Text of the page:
Read an excerpt from this article below. You can download the full article by using the link at the end of the excerpt.
There seems to be a growing consensus -– at least in the planning community –- that there are alternatives to sprawl that are more attractive, more efficient, more profitable, and more environmentally sensitive than conventional suburban-style development. So why is the development paradigm so hard to change? Let me discuss what I see as seven key barriers to better development -– and then invite your feedback:
1. Inflexible Local Regulations Local regulations are often an impediment to smart growth. Most local zoning and subdivision regulations make it easier and faster to build conventional, single-use, suburban-type development. Local officials should make zoning and subdivision regulations more flexible so as to encourage cluster development, mixed uses, narrower streets, and other better development concepts.
Time is money in the development business. Yet innovative developers who would protect the environment or provide walkable mixed-use developments are often stymied by inflexible regulations. When the cost and delay are too great, the "by-the-book" approach will prevail over innovation, even if it hurts the environment.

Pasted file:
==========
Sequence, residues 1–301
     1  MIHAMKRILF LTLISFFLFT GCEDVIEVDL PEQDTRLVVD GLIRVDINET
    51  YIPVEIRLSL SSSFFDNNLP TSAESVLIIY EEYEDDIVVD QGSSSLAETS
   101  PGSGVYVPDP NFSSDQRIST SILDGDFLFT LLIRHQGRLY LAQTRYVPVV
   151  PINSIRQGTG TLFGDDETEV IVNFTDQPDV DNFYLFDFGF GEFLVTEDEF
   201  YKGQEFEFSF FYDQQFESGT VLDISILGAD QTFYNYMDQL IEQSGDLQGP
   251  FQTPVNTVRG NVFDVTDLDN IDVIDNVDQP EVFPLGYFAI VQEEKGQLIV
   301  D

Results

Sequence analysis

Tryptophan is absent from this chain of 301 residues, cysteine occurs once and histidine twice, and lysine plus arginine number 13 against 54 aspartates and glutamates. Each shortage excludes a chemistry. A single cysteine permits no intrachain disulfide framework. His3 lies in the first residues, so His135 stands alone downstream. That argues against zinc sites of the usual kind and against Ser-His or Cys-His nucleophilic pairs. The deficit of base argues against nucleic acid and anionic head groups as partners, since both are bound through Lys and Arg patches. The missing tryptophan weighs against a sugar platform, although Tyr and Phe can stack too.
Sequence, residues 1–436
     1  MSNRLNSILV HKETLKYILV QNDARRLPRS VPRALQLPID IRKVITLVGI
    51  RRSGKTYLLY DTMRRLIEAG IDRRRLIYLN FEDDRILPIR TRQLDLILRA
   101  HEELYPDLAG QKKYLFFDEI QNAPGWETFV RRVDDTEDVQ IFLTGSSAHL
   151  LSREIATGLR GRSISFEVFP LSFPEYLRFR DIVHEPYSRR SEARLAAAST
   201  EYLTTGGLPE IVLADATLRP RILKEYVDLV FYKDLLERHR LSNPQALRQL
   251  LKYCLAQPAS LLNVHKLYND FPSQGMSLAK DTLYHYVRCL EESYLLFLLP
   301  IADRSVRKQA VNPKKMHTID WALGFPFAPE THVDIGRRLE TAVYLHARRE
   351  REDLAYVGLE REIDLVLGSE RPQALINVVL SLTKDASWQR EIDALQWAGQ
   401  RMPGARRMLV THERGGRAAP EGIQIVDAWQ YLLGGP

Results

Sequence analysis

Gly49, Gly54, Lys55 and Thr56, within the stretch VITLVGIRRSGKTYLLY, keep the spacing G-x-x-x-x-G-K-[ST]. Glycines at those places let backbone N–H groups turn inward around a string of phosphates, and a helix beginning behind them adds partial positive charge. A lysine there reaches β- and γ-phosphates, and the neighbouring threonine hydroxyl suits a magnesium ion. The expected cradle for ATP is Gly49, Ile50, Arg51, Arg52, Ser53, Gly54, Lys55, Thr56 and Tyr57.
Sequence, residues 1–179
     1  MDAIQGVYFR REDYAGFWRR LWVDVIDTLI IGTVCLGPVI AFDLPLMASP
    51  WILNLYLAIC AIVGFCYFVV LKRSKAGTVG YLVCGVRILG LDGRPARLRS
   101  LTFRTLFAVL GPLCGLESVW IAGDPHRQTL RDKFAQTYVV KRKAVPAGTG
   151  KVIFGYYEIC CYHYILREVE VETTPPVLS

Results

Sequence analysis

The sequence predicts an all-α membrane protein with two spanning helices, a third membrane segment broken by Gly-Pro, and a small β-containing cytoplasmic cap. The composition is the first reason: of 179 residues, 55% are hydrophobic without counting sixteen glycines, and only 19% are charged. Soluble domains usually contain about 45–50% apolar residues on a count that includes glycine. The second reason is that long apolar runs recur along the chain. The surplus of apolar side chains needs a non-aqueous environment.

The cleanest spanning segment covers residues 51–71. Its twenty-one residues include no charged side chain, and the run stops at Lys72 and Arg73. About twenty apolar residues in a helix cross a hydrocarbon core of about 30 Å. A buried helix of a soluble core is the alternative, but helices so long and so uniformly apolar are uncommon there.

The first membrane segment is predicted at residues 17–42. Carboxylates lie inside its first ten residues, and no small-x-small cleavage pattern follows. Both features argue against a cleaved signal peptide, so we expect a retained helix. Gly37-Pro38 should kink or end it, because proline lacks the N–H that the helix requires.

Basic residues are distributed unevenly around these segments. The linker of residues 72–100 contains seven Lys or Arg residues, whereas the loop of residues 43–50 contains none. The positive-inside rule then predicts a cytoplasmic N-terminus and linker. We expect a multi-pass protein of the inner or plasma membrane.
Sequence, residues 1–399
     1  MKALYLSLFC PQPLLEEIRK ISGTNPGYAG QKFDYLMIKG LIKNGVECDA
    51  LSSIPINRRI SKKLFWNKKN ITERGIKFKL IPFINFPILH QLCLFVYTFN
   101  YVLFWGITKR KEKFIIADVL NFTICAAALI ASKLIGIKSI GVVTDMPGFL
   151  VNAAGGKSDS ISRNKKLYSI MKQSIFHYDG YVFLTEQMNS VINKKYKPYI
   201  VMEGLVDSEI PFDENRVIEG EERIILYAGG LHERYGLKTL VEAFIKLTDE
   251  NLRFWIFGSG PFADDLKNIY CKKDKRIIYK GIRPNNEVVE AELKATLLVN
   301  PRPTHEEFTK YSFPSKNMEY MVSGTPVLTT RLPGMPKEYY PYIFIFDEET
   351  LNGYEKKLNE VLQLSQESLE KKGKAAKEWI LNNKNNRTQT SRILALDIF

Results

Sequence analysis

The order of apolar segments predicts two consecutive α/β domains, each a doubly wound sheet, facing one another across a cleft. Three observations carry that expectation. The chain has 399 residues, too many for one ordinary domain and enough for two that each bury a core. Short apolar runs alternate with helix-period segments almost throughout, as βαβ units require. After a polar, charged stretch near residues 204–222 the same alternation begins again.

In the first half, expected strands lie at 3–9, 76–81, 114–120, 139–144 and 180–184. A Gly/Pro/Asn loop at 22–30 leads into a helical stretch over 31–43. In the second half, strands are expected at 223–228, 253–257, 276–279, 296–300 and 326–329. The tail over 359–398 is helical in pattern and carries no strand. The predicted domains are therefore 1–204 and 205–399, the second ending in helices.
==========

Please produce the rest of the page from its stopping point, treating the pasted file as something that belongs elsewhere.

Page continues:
End of excerpt
Article continues with discussion of the following six "barriers":
2. Outdated Market Perceptions
3. High Development and Process Costs
4. Financing by Formula
5. Proposing High Density Without Amenity
6. Public Infrastructure Subsidies
7. Low Expectations
Ed McMahon is one of the country's most incisive analysts of planning and land use issues and trends. He holds the Charles Fraser Chair on Sustainable Development and is a Senior Resident Fellow at the Urban Land Institute in Washington, DC. McMahon is a frequent speaker at conferences on planning and land development.
Over the past 21 years, we've been pleased to have published more than two dozen articles by McMahon in the Planning Commissioners Journal, and now on PlannersWeb.com.